Medical Examiner

What’s So Different About Biden’s COVID Case vs. Trump’s

The president announced that he was positive Thursday morning.

Donald Trump and Joe Biden during the final presidential debate
Donald Trump and Joe Biden during the final presidential debate on Oct. 22, 2020. Brendan Smialowski/Getty Images

So, Joe Biden has COVID. The thought of a 79-year-old infected, especially one in such a position of power, might make your mind jump to the worst possible scenario (I’ll admit, the news inspired me to look up the order of presidential succession).

But things are a lot different than in October 2020, when the previous president, who was 74 at the time, had COVID-19 (and survived). It seems like Biden will most likely be OK.

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“I would not have said this a year ago or two years ago, but my level of concern is quite low,” Megan Ranney, a practicing emergency physician and dean of public health at Brown University said. “We have a week or so before we know with certainty that he’s out of the woods. But the likelihood of him getting really sick is way lower than it was for former President Trump.”

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For one, Biden is vaccinated and double boosted. The vaccine “decreases your chance of getting infected, period, and decreases the chance of ending up with severe outcomes should you get infected,” said Ranney. According to a Scientific American article that mapped out death rates by age group in March 2022, the rate of COVID deaths per 100,000 people was 9.29 for individuals who were 65 and older and unvaccinated, and 1.18 for those who were vaccinated. Biden also has a booster—the death rate for folks over 65 who are vaccinated and boosted was just 0.55 per 100,000 people or 0.00055 percent. Experts have said that while BA.5 is better at getting around our immune defenses, it doesn’t look like it causes more severe illness. Vaccines and boosters truly make a difference for this age bracket. Plus, according to Biden’s health summary from 2021, his physician describes him as “healthy, vigorous.”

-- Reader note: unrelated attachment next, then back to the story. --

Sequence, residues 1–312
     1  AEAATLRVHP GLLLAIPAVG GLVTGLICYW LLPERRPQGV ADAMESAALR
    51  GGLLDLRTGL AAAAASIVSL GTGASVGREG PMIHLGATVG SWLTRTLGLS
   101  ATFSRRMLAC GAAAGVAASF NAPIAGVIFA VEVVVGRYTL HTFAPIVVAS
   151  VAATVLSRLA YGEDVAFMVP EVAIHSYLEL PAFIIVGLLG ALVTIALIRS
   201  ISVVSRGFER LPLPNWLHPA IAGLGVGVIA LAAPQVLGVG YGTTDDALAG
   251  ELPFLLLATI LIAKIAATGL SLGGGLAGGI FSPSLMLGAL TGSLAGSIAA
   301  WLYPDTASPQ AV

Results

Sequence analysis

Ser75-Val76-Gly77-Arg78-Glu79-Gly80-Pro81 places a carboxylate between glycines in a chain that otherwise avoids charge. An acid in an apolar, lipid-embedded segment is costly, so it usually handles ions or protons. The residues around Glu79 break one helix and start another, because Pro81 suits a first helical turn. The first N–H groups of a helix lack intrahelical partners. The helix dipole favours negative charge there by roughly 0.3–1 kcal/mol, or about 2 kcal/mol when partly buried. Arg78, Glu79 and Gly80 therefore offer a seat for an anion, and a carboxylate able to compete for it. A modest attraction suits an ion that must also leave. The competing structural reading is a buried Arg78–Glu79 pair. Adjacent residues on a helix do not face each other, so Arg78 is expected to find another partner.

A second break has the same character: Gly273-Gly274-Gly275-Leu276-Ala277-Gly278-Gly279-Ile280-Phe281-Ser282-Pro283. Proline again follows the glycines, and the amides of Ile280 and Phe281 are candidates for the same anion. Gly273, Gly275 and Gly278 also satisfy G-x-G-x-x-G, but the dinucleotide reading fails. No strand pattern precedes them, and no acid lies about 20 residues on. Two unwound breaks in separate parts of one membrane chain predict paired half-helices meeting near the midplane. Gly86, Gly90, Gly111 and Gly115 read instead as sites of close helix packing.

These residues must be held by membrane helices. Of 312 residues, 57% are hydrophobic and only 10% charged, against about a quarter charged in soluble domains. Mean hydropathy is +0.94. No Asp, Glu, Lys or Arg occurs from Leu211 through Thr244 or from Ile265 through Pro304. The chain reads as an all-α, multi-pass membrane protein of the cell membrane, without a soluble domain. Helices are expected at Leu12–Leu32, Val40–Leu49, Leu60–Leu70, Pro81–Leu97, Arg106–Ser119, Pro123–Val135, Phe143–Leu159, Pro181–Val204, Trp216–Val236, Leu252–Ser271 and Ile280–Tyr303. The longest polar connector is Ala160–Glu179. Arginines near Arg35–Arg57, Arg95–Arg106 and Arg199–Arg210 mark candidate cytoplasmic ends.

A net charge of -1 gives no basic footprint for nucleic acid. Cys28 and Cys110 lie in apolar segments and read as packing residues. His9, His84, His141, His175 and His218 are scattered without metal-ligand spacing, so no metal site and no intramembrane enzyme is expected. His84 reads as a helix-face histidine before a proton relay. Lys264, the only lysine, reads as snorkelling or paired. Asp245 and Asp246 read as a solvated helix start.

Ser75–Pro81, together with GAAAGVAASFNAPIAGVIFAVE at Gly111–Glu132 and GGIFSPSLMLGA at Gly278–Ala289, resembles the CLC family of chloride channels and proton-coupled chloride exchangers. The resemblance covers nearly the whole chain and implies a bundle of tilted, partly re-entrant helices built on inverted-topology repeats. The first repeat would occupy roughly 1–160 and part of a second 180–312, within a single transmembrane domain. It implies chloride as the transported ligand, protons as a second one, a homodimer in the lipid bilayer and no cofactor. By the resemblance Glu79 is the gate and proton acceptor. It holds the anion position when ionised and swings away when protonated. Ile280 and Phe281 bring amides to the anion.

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Biden is also currently taking Paxlovid, an antiviral pill that will hopefully lessen symptoms and potential for long COVID. “Paxlovid is lovely because it works for both vaccinated and unvaccinated folks, but is gonna make the risk of severe disease, hospitalization, or death for vaccinated people close to 0,” Ranney said.

Estimates on the prevalence of long COVID vary. According to the CDC, 1 in 13 adults have symptoms that last more than three months. Biden’s vaccination status should reduce his risk a little bit. Weirdly, so may his gender and age: Women are twice as likely as men to have long COVID, and “nearly three times as many adults ages 50-59 currently have long COVID than those age 80 and older,” according to the CDC, though of course, these might just be correlations.

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When Trump had COVID, he had special access to treatments. But now treatments are available to the public, too. “What Biden has done up until this point and what he is receiving right now is actually not VIP care,” says Ranney. “This is, or should be, standard care in the United States right now. It is certainly what I recommend to all of my patients, to my family members, and to my friends who are in those older age groups or have multiple comorbidities.”

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As for the only other thing that she recommends Biden—or really anyone else with COVID— do?

“The most important things are to rest, stay hydrated, and to have an adequate supply of ibuprofen or acetaminophen to help with body aches,” she says. “Certainly folks work through COVID but what I hope what the president is doing is recognizing and respecting his body’s signals when he’s feeling fatigued.”

Although he does seem to be staying hydrated (a plastic water bottle in this economy?), it doesn’t seem like he’s truly resting. Thursday morning he declared that he is “keeping busy!” Maybe he should just take a few sick days?

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